Linked by Thom Holwerda on Fri 27th Jun 2014 17:42 UTC
Apple

Metal. If the name sounds hardcore, it's because it's a hardcore improvement to the way games will be able to perform on iOS 8. Metal represents a much more no-nonsense approach to getting the most out of the Apple A7's gaming performance, assuring users of the iPhone 5S, iPad Air and iPad mini with Retina display that their devices will continue to be top-notch game systems come this fall.

Right now in iOS 7 software called OpenGL ES sits in between the game and the core hardware that runs it, translating function calls into graphics commands that are sent to the hardware. It's a lot of overhead. And iOS 8 is getting rid of a lot of it.

A nice overview of Apple's Metal.

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RE[2]: Simple question
by Luis on Fri 27th Jun 2014 20:33 UTC in reply to "RE: Simple question"
Luis
Member since:
2006-04-28

Thanks for that very detailed answer!

So it seems that modern GPUs are quite more "generic" than they used to be, so they give more flexibility for the way software can use them. That's why Metal can actually exist without a specific hardware design for it.

It sounded ironical to me when you explained this because I remember somewhere around 2008 (?) that Intel had some "project Larrabee" (that never was realized) that had this very same principle, and Nvidia was laughing a these efforts saying it looked like a GPU designed by a CPU team (or something similar). And in the end the GPU market has gone exactly that way for allowing GPGPU and things like Mantle and Metal.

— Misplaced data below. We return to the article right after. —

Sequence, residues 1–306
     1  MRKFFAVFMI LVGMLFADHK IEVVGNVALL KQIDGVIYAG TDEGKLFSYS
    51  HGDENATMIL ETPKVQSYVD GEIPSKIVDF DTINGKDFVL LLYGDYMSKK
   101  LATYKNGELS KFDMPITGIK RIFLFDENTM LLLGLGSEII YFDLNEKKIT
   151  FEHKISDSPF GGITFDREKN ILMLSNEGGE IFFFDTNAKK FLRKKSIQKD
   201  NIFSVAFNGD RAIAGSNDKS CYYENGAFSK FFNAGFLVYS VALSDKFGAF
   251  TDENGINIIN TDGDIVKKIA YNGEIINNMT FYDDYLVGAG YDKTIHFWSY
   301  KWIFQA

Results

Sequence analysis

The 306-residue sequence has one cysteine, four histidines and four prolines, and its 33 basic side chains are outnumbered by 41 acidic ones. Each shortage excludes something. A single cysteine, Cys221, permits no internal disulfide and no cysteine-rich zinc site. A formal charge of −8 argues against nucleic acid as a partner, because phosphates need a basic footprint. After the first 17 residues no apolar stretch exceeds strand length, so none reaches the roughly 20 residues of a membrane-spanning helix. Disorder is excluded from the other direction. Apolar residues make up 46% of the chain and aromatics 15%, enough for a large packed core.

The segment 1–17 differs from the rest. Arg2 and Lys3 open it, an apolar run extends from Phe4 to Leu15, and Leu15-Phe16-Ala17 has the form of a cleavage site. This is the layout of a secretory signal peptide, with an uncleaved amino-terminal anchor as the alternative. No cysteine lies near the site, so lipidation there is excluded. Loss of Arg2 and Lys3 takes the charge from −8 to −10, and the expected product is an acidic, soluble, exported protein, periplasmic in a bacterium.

Reply Parent Score: 2

RE[3]: Simple question
by _txf_ on Fri 27th Jun 2014 21:16 in reply to "RE[2]: Simple question"
_txf_ Member since:
2008-03-17

Technically Apple does have a hardware design under it. Low level APIs are tethered to the underlying hardware to a greater degree than generic OGL and D3D.

Apple has a stake in ImgTec so it seems likely that for the foreseeable future they only have to tailor Metal for that particular architcture.

Reply Parent Score: 4

RE[3]: Simple question
by burnttoys on Sun 29th Jun 2014 19:53 in reply to "RE[2]: Simple question"
burnttoys Member since:
2008-12-20

Larrabee? Kinda turned in to Xeon Phi via Intel's Terascale plan.

There was some interesting papers about using _very_ wide SIMD engines for graphics.

Reply Parent Score: 2